Thursday, July 30, 2009

The Right To Die

Whilst I have every sympathy for Debbie Purdy and want to see her last days go by without her suffering and being in anguish, I have grave reservations about today's ruling.
The reason is simple, whilst the law asks for clarification (nothing wrong about that in itself), it could give strength to the pro-euthanasia lobby the next time such a case comes forward, once clarification is made. It would also mean, if clarification was made and it was strongly against acts of euthanasia, that some relatives who have acted out of misguided, but well-meaning intentions and who have the grief over the death of a loved one, could face prosecution and a prison sentence and I for one feel that is a bad way to handle such an issue.
Because the thing is, if it isn't obvious already, is that I am very much against euthanasia. In my case it's for three reasons. First of all my Christian conscience speaks against it, secondly to legalise euthanasia allows the floodgates to open and the very real possibility of relatives and friends convincing themselves that it is right to kill the person in question because they are a "burden", and no amount of protective legislation will prevent that. Similar arguments about exceptional cases were put forward when abortion was legalised and whilst many women have abortions for fairly convincing reasons, there are some who do not.
The third reason is the Hippocratic Oath, a tract of ethical rights devised by the Ancient Greeks which seems to have little impact in today's society. That Oath binds physicians and Doctors to protect life, not to end life, and in all things when one looks at the arguments presented, one must argue for the protection of the vulnerable and weak.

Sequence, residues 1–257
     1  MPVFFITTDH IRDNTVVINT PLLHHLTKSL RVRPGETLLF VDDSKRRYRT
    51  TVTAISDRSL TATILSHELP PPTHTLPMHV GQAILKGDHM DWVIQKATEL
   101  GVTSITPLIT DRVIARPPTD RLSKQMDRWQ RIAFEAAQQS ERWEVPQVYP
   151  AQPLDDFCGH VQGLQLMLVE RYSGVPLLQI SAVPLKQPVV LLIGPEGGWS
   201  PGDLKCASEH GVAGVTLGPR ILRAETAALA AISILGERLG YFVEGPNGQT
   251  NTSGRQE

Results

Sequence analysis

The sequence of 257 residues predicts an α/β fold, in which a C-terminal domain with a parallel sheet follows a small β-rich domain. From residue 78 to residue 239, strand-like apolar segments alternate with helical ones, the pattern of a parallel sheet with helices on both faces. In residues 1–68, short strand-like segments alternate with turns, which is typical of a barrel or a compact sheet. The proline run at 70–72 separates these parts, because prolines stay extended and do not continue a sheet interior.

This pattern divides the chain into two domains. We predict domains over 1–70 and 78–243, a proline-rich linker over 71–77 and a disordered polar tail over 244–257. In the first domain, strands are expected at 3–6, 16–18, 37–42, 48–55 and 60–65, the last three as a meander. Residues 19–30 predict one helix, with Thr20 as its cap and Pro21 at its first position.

That said, I would argue that more needs to be done in terms of helping the NHS. Many people who are terminally ill are frightened and scared. They don't so much fear death as much as they fear suffering and the loss of dignity and rightly so. There are many ways that can be dealt with, one is palliative care, the need for more money to go into hospices, many of which do brilliant work and rarely get the credit they richly deserve. Money should not just be poured into the NHS, but in training Doctors, Nurses, and Physicians in people skills, in helping to foster a real sense of compassion towards patients which is sadly lacking in some of today's hospitals. When my own time comes, hopefully many years from now, I would like it to be sudden and in my sleep, but if that does not happen, if I am going to die an unpleasant lingering death, then I would like to go in a hospice, or at home, being cared for and tended to and for my next of kin be able to praise the way I was treated in my last months. I don't want to die in a hospital ward feeling lonely and scared with brusque and cold handed hospital staff tending to me. I imagine many of you feel the same about yourselves, so maybe with that in mind, we ought to campaign and work more towards better palliative care.


Tom Paine said...

It seems that there is one thing on which you and I agree, though my reasoning is rather different. I posted about it today at:

Paul Burgin said...

Having read you post, the example you gave from the Netherlands confirms some of my concerns